You’ll shed a tear or two—especially if you’re a parent—and they’ll be totally earned.
The first time I saw Harvey Keitel in a movie marks, in a way, the beginning of my career as a film critic. It was November of 1967. I had been a reviewer for seven months, and was looking at "Who's That Knocking on My Door?," one of the entries in the Chicago Film Festival. It was a low-budget black and white film out of New York, directed by someone named Martin Scorsese and starring Keitel as a guilt-ridden kid from New York's Little Italy.
The first moments of that movie would look and sound familiar today: Rock music on the soundtrack, as a hand-held camera follows the characters down the sidewalk. But remember that this was before "Easy Rider" popularized the notion of using pop recordings for a sound track, instead of a standard musical score. Remember that hand-held cameras were still mostly in the hands of underground filmmakers. Remember that until Scorsese, hardly anybody except John Cassavetes had put so much energy on the screen--had been willing to work without the safety nets of a polished script and careful camera work.
Keitel was an actor unlike other leading men. He seemed vulnerable, needy and driven--but in a fundamental way, not in a mannered way, like James Dean. His character introduced the theme that would be central to Scorsese's work, and to Keitel's: Guilt and its redemption.
In the 26 years since I saw that film, many actors and directors have come and gone, but both Scorsese and Keitel have remained true to their first inspirations, maybe because right from the first they were working from what truly obsessed them. And for me as a young critic, the energy and conviction in their work gave me a benchmark: Here was something authentic to judge other work by.
What Scorsese has done since then, you know about. You may not be as familiar with Keitel, who is, by his own admission, not a "bankable" star. But when his name is associated with a film, that's usually a guarantee that the project will take chances and be interesting. That is especially the case with his two current films, Abel Ferrara's "Bad Lieutenant," now opening around the country, and Quentin Tarantino's "Reservoir Dogs," which opened in October and is still playing in some markets.
Keitel plays tough guys in both films. But not tough guys who lack feeling and fear; his characters are almost always haunted. Remember him in "Mean Streets," terrified of hell, testing his hand in the flame of a candle. Or as the pimp in "Taxi Driver," always nervous, in need of a fix. Or as the concert pianist in James Toback's "Fingers," who has to avenge the death of his Mafioso father. Or as the violent, jealous boyfriend in "Alice Doesn't Live Here Anymore." Or as the angry auto worker in "Blue Collar." All of those roles were a preparation for Keitel's work in "Bad Lieutenant," which is perhaps the most courageous performance he has even given. Not many successful actors would have even considered the role, because the character is so thoroughly, unremittingly evil: A lying, stealing, murdering, drug-addicted New York cop who is seen spiraling downward, out of control, during the last days of his life.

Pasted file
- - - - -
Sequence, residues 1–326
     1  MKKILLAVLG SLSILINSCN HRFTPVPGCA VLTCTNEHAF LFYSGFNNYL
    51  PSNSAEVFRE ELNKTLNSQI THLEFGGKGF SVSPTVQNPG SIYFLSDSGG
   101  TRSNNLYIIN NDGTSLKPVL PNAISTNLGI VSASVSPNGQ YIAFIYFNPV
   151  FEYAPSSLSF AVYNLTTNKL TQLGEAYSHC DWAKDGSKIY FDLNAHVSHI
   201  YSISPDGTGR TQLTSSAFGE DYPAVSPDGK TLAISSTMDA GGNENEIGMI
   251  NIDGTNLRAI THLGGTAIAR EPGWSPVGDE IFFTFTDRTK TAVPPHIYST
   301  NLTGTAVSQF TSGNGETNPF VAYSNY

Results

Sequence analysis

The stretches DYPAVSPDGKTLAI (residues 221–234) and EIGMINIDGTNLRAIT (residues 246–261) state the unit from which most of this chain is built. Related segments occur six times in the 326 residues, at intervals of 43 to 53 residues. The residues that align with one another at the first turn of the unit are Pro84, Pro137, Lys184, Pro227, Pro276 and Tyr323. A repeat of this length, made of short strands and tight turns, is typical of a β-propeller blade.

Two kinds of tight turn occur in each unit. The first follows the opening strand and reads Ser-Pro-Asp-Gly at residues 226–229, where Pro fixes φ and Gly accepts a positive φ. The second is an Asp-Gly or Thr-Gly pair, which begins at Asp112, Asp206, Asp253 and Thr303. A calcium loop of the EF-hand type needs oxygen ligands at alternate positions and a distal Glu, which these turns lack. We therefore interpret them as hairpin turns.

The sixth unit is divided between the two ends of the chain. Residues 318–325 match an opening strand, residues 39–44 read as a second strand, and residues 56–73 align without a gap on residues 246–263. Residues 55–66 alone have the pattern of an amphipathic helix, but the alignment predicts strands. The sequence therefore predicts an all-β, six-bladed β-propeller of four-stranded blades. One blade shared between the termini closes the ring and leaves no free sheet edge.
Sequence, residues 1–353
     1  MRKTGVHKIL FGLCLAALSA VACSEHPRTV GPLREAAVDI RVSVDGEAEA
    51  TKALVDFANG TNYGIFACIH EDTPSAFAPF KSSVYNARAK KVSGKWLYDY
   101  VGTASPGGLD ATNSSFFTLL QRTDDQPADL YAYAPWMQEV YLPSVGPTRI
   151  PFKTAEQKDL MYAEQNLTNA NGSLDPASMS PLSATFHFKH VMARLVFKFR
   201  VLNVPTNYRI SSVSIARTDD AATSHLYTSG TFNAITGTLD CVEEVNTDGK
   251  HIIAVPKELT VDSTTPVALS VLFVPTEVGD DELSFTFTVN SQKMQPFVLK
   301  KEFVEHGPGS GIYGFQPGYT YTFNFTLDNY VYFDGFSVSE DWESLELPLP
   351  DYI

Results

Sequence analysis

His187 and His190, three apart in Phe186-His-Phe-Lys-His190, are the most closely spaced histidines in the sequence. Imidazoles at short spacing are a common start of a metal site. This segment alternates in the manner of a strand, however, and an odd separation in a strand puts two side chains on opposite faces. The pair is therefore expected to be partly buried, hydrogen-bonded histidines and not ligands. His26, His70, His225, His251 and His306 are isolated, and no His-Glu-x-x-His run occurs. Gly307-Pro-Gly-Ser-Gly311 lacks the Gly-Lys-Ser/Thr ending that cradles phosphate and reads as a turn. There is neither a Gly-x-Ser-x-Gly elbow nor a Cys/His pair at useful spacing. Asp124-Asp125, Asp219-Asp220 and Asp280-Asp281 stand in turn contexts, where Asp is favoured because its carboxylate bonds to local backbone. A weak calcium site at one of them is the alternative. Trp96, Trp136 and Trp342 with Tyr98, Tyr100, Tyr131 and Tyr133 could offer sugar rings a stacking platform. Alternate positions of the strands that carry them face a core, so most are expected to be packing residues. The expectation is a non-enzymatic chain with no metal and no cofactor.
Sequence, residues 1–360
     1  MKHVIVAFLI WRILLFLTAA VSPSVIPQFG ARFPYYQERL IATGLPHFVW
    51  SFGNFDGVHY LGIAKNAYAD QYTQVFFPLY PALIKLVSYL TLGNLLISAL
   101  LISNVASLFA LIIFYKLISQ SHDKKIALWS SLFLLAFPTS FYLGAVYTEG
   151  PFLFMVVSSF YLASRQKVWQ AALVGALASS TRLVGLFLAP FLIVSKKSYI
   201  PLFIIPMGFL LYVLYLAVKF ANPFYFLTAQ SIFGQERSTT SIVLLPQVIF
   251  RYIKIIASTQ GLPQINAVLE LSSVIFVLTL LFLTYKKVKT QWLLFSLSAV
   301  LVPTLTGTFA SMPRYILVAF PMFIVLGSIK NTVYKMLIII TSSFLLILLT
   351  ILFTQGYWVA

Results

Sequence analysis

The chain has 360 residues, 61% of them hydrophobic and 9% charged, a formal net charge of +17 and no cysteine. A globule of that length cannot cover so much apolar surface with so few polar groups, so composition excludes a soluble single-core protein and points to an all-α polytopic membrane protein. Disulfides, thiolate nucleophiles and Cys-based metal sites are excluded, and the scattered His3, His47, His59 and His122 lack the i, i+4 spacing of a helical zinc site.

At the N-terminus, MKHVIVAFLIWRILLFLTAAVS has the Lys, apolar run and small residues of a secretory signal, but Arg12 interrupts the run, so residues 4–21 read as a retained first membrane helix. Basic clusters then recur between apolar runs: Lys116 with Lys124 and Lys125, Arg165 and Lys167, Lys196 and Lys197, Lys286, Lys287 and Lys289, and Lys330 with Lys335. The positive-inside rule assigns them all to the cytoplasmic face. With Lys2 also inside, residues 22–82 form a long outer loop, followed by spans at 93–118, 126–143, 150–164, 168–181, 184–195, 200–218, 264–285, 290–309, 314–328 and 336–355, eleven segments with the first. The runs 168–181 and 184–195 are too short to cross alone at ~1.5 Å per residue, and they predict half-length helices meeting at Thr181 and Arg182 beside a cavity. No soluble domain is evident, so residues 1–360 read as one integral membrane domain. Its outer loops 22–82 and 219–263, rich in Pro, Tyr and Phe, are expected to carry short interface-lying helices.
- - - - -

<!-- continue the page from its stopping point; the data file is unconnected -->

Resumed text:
"You know, it's a funny thing," Keitel told me about the role. "When I was given 'Bad Lieutenant.' I read a certain amount of pages and I put it down. I said, there's no way I'm gonna make this movie. And then I asked myself, 'How often am I a lead in a movie? Read it, maybe I can salvage something from it.' And I read on and when I read the part about the nun, I understood why Abel wanted to make it and why Zoe Mann had written it. The way the nun was written compelled me to make the movie."
The nun in the movie is raped and beaten. The bad lieutenant visits her in the hospital and discovers that she knows her attackers, but will not name them, because she forgives them. What the lieutenant wonders, I said, is whether anyone will ever be able to forgive him. Whether he is worth forgiving.
"Absolutely," said Keitel. "He asks himself, I've done so much evil, how can I ever do what's good? How can I ever undo what is bad? He discovers the only way one can undo the bad is by doing good deeds. And that is the way to undo the bad that we have done."
That whole idea of sin and redemption is central to your best characters, I said. I know you're Jewish, but I keep thinking of you in Catholic churches. Keitel laughed.